The monastery was at first under the jurisdiction of the Jerusalem patriarch; its independence was recognized by Constantinople in 1575. The number of monks is limited to 36; this figure includes those living in annexes (metochia) elsewhere, which today are chiefly at and Suez in . The laity of the Church of Sinai are some Christian Arabs employed by the monastery and fishermen on the coast at al-Ṭūr (Tor, formerly Raithu). The Muslim Bedouin Arabs who live near the monastery have always acted as its guards and have in turn been supported by it.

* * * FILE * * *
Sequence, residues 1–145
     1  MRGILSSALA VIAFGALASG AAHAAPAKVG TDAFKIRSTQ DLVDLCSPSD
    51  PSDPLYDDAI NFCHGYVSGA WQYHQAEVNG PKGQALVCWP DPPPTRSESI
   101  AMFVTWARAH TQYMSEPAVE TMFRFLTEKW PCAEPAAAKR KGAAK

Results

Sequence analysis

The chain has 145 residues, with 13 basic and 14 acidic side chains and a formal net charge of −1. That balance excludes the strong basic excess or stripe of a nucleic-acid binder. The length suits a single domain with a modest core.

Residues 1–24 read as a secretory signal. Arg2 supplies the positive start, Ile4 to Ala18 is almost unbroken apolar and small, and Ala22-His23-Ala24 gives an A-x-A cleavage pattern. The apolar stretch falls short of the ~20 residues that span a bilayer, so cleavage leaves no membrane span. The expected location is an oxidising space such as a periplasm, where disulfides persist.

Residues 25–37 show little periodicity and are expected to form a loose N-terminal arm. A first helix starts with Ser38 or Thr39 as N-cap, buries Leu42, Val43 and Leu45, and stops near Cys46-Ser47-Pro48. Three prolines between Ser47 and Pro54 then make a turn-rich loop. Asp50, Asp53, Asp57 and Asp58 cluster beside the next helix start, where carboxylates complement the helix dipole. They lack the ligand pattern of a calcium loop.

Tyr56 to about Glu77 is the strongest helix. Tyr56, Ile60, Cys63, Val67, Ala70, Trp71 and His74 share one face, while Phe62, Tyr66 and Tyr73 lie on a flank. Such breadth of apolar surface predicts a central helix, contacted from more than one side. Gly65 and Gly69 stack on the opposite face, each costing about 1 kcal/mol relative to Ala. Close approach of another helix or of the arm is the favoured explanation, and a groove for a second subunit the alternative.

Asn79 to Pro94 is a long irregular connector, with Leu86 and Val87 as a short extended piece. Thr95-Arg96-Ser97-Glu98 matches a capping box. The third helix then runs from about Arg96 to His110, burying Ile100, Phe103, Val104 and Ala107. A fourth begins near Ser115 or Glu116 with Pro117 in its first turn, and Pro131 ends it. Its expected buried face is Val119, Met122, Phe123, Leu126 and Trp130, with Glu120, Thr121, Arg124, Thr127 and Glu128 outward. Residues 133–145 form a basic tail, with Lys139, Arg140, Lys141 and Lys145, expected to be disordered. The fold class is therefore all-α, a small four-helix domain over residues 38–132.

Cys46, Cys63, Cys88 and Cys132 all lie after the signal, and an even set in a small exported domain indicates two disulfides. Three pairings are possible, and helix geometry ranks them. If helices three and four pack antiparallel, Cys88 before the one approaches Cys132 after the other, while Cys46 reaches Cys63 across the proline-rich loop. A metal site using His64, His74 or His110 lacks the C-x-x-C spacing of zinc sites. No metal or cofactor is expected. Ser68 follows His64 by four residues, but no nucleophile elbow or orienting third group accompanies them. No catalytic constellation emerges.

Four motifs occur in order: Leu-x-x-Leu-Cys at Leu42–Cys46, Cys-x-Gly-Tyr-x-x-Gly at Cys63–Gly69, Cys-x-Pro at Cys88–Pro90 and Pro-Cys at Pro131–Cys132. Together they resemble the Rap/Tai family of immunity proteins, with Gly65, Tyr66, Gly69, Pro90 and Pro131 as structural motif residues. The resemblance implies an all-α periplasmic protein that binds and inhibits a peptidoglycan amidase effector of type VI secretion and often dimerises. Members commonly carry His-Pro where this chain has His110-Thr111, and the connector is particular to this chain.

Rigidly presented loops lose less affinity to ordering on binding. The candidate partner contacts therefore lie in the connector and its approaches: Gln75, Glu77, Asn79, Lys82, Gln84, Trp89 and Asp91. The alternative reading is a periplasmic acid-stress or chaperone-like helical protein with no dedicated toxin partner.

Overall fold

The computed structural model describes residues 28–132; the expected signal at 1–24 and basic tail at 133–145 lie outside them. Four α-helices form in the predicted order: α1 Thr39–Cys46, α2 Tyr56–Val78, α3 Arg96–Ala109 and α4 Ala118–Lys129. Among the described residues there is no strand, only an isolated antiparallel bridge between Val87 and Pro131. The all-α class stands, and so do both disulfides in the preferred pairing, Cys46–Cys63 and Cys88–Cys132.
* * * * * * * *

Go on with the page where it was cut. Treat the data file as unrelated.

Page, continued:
Founded in 527 by the emperor , the building of the monastery dates from 530 CE, when Justinian, after complaints of robber incursions from the hermit monks who had settled there, fortified the traditional site of the observed by on the lower slopes of Mount Sinai. During the 7th century the monastery provided a centre of refuge for scattered of Christians threatened by the rise of . Spared by the Muslims, the monks, according to tradition, conciliated the invaders by erecting the small within the walls where local Bedouin Arabs still worship. The monastery was a centre during the Middle Ages. St. Catherine’s still retains much of its original appearance and has had an unbroken history since the 6th century. The original gray granite walls (280 by 250 feet [85 by 76 metres]) still stand, and so does the church dedicated to the Virgin Mary, which was built at the same time. In the apse is a restored of the Transfiguration, also dating from the early Byzantine period.